Saturday, September 14, 2013

The Exponential Curve, Phase II

I haven't posted anything for a couple of years now, and I think I'm finally able to start up again.  I'm at a very different place in my life now, compared to when I first started this blog, and, thankfully, compared to when I stopped writing.

I am really excited by the move toward Common Core, and the abandonment of the CST tests.  I've felt my spirit and teaching practice withering and dying with each new modification I made to try and cram more standards in faster and more efficiently.  When students would ask why they need to learn math, I would give a standard reply about problem solving abilities and critical thinking in all areas of life, and this felt more and more cynical as I compared what I was saying to the actual content I was delivering.

This year, in my intensive algebra 1 class (for students who are well below grade level), I've quit worrying about skills lists.  I'm focusing on using high-quality problems and resources.  I'm trying to actually do what I say, and engage them with activities that require thinking, explaining, justification, problem solving, and persistence.  And since the new Smarter Balanced tests, according to David Foster, will be only 31% material at levels 1 and 2 of Webb's DOK, and 69% at levels 3 and 4, I feel like I can justify my new approach to any skeptic.

Just yesterday, I spent nearly 30 minutes playing the Game of 21 with them, a quick and easy misere game.  (The first person says 1, 2, or 3.  The next person increases by 1, 2, or 3.  Alternate turns.  You can't go past 21, and the first person to say 21 loses).  It was great to watch them struggle with it.  Of course, I made them start, and so I won game after game.  But then some students started realizing that I was going to win as soon as I said 16, and after a while longer, they realized I would win when I said 12.  Some students were frustrated, some continued to challenge me blindly, and some were clearly paying close attention and trying to develop a strategy.  I love the moment when the first kid tells me that, no, *I* need to go first.  And then when they finally beat me, it's a great moment!  At this point, I stopped the game without discussing the strategy, and told them to play it against a friend or family member for homework.  We'll pick it up again on Monday and see if more can beat me.

We've been working on finding out the rule for patterns, using only visual examples, building them with toothpicks, etc.  So I decided to start them on the non-linear Growing Staircases POM from SVMI for the second half of the class (A pattern where you start with one square, then add two, then three, etc).  First, I spoke with them about what perseverance means, and why it's so important.  I told them that we were going to all get through level C of the POM, but we were not going to finish today, or even by the next class.  That real math problems take longer than an hour to solve (or the 15 seconds that they are accustomed to).  They mostly completed level B (figuring out how many squares it would take to build a 10-step staircase), and they used counting and other patterns to do so.  Level C (find a rule for the number of squares in an n-step staircase) is going to be a lot harder, and I'm looking forward to seeing what they come up with.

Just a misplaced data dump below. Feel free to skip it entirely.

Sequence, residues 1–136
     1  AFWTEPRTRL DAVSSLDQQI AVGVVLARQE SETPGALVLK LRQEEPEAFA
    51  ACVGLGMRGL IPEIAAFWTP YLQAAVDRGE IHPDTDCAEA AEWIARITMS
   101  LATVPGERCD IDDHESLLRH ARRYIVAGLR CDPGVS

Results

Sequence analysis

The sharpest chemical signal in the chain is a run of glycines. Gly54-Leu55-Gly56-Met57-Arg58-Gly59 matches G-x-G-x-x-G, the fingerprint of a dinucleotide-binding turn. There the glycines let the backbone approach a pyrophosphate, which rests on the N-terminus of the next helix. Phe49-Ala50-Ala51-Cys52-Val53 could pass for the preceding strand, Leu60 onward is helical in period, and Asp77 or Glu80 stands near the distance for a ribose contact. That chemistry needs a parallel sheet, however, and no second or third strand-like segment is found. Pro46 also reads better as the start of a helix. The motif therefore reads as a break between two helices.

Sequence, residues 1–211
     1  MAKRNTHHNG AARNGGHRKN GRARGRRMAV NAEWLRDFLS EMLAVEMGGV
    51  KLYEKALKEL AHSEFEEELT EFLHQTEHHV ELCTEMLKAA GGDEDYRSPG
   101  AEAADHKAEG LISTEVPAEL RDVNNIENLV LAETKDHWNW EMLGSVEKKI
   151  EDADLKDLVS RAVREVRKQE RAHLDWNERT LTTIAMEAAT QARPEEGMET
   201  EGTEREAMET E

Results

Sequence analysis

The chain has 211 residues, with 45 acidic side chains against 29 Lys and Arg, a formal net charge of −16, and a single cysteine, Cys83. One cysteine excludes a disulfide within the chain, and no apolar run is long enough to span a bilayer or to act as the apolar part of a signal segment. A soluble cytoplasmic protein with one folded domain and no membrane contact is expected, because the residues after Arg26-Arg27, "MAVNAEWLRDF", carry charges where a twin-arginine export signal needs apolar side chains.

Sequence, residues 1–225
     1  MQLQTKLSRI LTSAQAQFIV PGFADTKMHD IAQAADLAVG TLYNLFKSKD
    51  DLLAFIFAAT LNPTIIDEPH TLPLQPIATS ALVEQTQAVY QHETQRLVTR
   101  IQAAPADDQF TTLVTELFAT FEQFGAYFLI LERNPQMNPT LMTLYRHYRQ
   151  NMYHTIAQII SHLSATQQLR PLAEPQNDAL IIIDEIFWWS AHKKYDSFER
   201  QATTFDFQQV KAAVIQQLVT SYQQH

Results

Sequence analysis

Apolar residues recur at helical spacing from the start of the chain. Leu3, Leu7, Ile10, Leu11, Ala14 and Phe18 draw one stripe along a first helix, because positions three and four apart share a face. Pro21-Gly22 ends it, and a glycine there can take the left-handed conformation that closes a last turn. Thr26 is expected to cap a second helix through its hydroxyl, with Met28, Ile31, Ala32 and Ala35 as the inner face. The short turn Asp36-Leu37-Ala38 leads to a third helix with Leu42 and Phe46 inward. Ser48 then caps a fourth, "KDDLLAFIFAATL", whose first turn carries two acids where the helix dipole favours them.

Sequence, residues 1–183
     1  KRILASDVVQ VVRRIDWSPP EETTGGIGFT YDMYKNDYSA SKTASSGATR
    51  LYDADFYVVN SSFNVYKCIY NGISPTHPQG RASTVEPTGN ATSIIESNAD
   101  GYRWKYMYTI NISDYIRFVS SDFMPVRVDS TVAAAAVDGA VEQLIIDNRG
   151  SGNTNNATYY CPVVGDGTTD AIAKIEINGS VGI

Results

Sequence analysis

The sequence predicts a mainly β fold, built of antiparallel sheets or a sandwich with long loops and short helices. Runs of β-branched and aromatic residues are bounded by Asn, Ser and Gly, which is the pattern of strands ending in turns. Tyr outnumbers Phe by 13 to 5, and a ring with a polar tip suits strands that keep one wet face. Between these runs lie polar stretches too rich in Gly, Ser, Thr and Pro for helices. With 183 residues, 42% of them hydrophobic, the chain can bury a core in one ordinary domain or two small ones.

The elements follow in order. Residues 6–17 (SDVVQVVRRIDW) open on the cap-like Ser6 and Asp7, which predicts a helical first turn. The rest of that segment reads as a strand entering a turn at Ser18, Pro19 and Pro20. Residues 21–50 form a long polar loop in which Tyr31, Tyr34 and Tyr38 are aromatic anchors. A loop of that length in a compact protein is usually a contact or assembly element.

I decided to do a lot of patterning work with them before we even talk about solving equations, using their visual experience with developing a rule as leverage for understanding.  When they see something like 4n + 3 = 51, I want them to think something like "That's 4 groups of n-blocks, and then 3 blocks more, giving a total of 51 blocks.  So the 4 n's would have to make 48 blocks.  So each one would be 12!".   Right now, their pattern work ends with coming up with a rule.  Soon, I'll start asking them to figure out what step number it would have to be, given a specific total.  I'll treat this as a problem-solving exercise now, and eventually formalize the steps into the standard solving equations algorithm.

I've also been drawing heavily upon the excellent work found in the Formative Assessment Lessons at the Mathematics Assessment Project .  These are really meaty lessons that incorporate excellent group tasks, and really help push students to use the CCSS Math Practice standards.  So far, in this algebra class, I have used Positive and Negative Numbers in Context and Interpreting Algebraic Expressions.  The one caveat I have is that the amount of time it takes to run one of these lessons is well underestimated in their notes.  The expressions FAL took my intensive class four lessons to complete, not the optimistic 1 lesson with a 20 minute follow-up!  But of course this will vary from class to class.

Aside from this, I am also teaching Algebra 2, and I am using CPM instead of whatever NCLB book we have sitting in our library.  This will be the subject of other posts, as my students and I wrestle with a completely different way of teaching and learning math.